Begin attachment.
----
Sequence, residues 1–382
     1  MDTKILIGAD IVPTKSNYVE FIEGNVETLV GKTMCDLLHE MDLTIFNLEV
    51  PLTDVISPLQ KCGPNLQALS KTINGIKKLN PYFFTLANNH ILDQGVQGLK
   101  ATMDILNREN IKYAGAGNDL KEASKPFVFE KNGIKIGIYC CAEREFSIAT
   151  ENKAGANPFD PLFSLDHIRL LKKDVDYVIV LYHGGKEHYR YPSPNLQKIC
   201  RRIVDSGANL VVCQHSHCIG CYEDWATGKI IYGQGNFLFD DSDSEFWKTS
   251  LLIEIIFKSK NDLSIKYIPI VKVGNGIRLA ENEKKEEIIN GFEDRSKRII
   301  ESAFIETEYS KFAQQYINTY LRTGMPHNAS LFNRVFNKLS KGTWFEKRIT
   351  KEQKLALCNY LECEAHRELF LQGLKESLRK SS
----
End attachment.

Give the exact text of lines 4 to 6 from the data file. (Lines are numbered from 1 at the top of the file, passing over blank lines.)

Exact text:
   101  ATMDILNREN IKYAGAGNDL KEASKPFVFE KNGIKIGIYC CAEREFSIAT
   151  ENKAGANPFD PLFSLDHIRL LKKDVDYVIV LYHGGKEHYR YPSPNLQKIC
   201  RRIVDSGANL VVCQHSHCIG CYEDWATGKI IYGQGNFLFD DSDSEFWKTS